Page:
Church – the whole body of Christian believers
Faith – belief that is not based on proof

My early life is completely shaped by religion. Or is it church? Or is it faith? It’s all so confusing. In a medium-sized building add Christians and sinners. For texture and color sprinkle in a few homosexuals, a dash of the self-righteous, a backstabber or two and some truly good people. Add faith in God. Mix together until smooth and Church-like. Smother completely with religion. Simmer on low until inevitable boil(over).

I’m from a small town where there’s a church building on every corner instead of a Starbucks. I jest, but not a lot. I was raised Baptist. My family attended three times a week – Sunday morning, Sunday night and Wednesday night. When there was a revival or summer tent meeting, we were there every night. Most of my friends, if not all, were part of the church.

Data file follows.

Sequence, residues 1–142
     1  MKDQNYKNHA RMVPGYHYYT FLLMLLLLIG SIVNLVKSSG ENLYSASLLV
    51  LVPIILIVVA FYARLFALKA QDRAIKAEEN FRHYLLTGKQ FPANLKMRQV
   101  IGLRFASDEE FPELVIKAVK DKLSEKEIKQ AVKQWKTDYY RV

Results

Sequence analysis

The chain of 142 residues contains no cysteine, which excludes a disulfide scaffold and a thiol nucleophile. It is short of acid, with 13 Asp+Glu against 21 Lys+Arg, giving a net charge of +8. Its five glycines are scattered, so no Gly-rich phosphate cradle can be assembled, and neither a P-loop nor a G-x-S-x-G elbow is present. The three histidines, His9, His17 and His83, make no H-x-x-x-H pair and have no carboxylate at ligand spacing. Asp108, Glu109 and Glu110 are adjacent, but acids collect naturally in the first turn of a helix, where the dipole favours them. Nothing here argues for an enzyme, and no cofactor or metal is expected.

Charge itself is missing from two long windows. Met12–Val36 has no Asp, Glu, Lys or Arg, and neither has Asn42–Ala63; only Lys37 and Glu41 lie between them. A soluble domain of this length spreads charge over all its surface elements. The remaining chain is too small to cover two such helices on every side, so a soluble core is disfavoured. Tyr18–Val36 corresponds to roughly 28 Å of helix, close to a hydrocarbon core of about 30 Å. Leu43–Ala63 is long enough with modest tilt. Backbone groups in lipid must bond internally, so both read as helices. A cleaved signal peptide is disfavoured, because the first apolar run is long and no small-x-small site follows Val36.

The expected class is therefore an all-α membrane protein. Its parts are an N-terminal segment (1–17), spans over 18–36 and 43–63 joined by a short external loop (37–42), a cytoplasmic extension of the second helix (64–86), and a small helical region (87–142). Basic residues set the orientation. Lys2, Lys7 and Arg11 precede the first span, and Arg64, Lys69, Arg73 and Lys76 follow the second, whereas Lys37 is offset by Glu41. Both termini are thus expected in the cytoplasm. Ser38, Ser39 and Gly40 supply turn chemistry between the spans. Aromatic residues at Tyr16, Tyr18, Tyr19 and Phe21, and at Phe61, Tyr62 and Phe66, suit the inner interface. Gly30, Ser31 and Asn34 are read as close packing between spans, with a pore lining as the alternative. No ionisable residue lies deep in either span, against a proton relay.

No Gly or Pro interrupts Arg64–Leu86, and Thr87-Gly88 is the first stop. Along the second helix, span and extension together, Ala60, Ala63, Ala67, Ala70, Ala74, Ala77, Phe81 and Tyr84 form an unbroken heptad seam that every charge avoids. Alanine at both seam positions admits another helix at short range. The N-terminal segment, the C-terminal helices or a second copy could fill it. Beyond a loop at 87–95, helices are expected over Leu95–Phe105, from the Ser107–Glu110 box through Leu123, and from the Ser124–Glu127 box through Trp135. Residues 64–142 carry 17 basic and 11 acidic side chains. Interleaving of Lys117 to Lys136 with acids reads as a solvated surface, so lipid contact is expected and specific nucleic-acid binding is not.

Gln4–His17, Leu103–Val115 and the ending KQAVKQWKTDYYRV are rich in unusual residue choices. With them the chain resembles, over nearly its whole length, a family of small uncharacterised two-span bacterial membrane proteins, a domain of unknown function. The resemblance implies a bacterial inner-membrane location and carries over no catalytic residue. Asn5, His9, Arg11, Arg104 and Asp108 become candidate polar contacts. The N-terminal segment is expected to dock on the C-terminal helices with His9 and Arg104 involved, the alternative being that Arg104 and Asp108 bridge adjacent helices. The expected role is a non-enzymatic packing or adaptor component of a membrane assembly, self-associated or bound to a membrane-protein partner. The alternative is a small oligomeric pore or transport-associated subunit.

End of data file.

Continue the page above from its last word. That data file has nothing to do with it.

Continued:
I was very involved in my church growing up. My involvement was mostly in the form of music. I was 7 years old the first time I sang in church. If I remember correctly it was with my dad’s family. My first solo was a song called “Consider The Lilies.” I remember that like it was yesterday. I was at Central Baptist Church. Over the years, and in many different churches, I was a soloist or part of a group. The interesting thing is that I would stand up there in front of a congregation and sing of God’s love, all the while struggling in silence with my inner demon of homosexuality. Also knowing that most of the people who were listening to me sing, and enjoying it I might add, would not approve of my homosexuality. Truth be told I probably wouldn’t have been allowed to sing in church.